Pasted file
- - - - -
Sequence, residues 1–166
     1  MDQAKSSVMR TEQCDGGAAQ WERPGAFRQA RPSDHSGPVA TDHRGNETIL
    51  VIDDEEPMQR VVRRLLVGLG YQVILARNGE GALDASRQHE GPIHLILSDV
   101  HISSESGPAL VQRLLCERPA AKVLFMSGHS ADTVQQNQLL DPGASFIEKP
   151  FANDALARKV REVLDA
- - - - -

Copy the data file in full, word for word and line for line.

Sequence, residues 1–166
     1  MDQAKSSVMR TEQCDGGAAQ WERPGAFRQA RPSDHSGPVA TDHRGNETIL
    51  VIDDEEPMQR VVRRLLVGLG YQVILARNGE GALDASRQHE GPIHLILSDV
   101  HISSESGPAL VQRLLCERPA AKVLFMSGHS ADTVQQNQLL DPGASFIEKP
   151  FANDALARKV REVLDA